OBG Talks to Faisal Hamad Al Ayyar, Vice-Chairman, Kuwait Projects Company (KIPCO)

Faisal Hamad Al Ayyar, Vice-Chairman, Kuwait Projects Company (KIPCO)

Interview: Faisal Hamad Al Ayyar

What are the main lessons that can be taken away from the global financial crisis and what do they mean for doing business in Kuwait in the future?

FAISAL HAMAD AL AYYAR: In Kuwait the situation was different than in the West. We didn’t have toxic assets like the US, but rather over-leveraging, which is hard to shake off. People thought that the good times would last forever. Moreover, there was a mismatch between projects and financing, as borrowing was much too easy and loosely regulated. All of these factors combined to create catastrophic results. These are the issues we at KIPCO have learned to avoid. Doing business in the region has become more difficult; lending has become tighter and ratings agencies are stricter, leading to downgrades. Business opportunities have been scarcer than what we had expected because of the slowdown in the aftermath of the crisis. We have seen many privatisation laws being passed to open the door for build-operate-transfer projects, but they have not had the intended effect. We are not seeing these projects going forward for the time being as they are not attractive enough and leave most of the risk on the side of the private investor. These laws will have to be revisited.

What results are you seeing with regard to the implementation and monitoring of improved corporate governance and risk oversight systems?

AL AYYAR: There have definitely been some changes in these areas. There have been a lot of discussions and conferences recently on this topic, and we are already seeing increased reporting from companies to their shareholders. This subject is gaining attention and many firms are adopting new measures; regulators are also pushing for it. However, these principles have to become an integral part of the system, not just extra paperwork.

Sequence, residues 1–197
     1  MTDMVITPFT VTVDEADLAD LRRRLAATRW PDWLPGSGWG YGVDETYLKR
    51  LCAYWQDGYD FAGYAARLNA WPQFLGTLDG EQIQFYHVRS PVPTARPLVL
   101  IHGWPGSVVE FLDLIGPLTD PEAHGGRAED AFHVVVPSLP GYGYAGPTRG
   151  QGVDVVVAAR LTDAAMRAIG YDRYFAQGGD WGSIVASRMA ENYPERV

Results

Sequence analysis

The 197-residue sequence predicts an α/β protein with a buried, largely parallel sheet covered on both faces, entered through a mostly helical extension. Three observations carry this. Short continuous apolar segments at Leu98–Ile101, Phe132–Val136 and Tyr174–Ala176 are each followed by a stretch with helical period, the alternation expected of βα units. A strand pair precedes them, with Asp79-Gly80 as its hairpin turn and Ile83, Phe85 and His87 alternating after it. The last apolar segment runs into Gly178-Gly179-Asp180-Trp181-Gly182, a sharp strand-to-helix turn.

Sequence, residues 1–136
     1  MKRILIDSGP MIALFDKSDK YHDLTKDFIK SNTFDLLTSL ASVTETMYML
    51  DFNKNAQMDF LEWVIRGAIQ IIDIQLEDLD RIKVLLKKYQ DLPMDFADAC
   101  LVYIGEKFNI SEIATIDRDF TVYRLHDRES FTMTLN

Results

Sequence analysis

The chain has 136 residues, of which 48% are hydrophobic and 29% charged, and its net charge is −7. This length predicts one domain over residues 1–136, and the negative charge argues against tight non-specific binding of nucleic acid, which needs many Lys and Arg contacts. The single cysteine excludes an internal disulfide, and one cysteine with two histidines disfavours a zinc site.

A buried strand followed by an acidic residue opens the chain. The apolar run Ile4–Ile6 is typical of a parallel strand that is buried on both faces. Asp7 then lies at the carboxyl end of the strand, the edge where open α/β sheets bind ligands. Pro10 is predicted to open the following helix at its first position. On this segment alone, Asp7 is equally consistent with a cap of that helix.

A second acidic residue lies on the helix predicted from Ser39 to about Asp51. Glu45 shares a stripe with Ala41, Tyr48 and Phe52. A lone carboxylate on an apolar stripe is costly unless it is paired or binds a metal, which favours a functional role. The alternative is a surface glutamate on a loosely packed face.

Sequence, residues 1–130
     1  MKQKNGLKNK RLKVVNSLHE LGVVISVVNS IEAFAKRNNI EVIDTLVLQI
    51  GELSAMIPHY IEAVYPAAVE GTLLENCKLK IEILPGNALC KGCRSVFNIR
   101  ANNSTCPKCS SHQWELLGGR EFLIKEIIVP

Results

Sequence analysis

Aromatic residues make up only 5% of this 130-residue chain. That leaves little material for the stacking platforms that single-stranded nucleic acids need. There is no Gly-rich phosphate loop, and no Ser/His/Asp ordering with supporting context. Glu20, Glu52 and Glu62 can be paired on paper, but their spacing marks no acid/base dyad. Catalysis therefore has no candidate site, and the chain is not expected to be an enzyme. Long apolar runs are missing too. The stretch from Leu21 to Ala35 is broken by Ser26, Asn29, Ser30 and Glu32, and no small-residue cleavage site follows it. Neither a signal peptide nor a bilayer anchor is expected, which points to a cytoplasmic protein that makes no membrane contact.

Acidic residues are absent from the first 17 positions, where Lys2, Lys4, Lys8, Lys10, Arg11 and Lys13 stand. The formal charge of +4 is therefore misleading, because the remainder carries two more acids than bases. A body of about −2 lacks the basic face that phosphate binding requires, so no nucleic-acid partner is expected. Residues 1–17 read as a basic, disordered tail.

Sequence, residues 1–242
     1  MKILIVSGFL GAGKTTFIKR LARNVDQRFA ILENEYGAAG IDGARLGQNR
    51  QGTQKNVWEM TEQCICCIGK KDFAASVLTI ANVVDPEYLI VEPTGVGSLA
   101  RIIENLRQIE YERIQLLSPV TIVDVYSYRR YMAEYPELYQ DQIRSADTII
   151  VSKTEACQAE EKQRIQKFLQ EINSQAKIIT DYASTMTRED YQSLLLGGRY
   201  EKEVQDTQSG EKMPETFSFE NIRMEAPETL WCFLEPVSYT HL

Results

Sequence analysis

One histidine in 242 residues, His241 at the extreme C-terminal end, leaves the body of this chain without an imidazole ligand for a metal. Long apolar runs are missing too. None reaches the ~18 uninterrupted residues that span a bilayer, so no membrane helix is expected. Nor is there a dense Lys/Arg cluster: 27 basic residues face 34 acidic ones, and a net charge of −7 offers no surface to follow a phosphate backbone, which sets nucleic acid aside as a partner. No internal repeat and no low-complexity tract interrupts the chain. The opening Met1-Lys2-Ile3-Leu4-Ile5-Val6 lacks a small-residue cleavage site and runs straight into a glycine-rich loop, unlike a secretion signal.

How sophisticated is the Kuwaiti market?

AL AYYAR: There are two different classes of investors in Kuwait: sophisticated investment companies and private investors that have been investing for a long time; and a broad range of unsophisticated investors who regrettably are being encouraged to enter the market by themselves. These people should be channelled through asset management firms who can educate them, show them the risks involved and provide them with an investment strategy. When an individual invests directly, no one is providing them with the right information. This reality can often lead to a herd mentality in the market, which can be dangerous. The new Capital Markets Authority needs to be active and must force transparency onto the market. It should be institutional in the way it is run.

When do you anticipate the recently approved government spending package will begin to bear fruit?

AL AYYAR: At the moment the plan is moving at a slow pace relative to expectations and most people are still waiting. At the same time, we as a nation are not set up for this kind of development, we don’t have the contracting capabilities or the infrastructure for these kinds of large-scale projects to be completed in five years. If the government is committed and everything runs smoothly through the parliament, I think we should start seeing momentum by 2013.

How would you assess Kuwait’s privatisation progress to date and do you believe this process will prove to be attractive to investors?

AL AYYAR: Again, the privatisation laws were not as attractive for private investors as they should be to generate interest and the process is moving very slowly. The whole economy would be better run by the private sector. Power generation is a crucial area that would benefit greatly. The private sector can generate electricity at about half the price that it costs the government, which would lead to large savings and greater investment. Health and education, for example, are sectors where higher quality services at lower costs can be delivered under private management. Governments should aim to be regulators rather than operators.

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Faisal Hamad Al Ayyar

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The Report: Kuwait 2012

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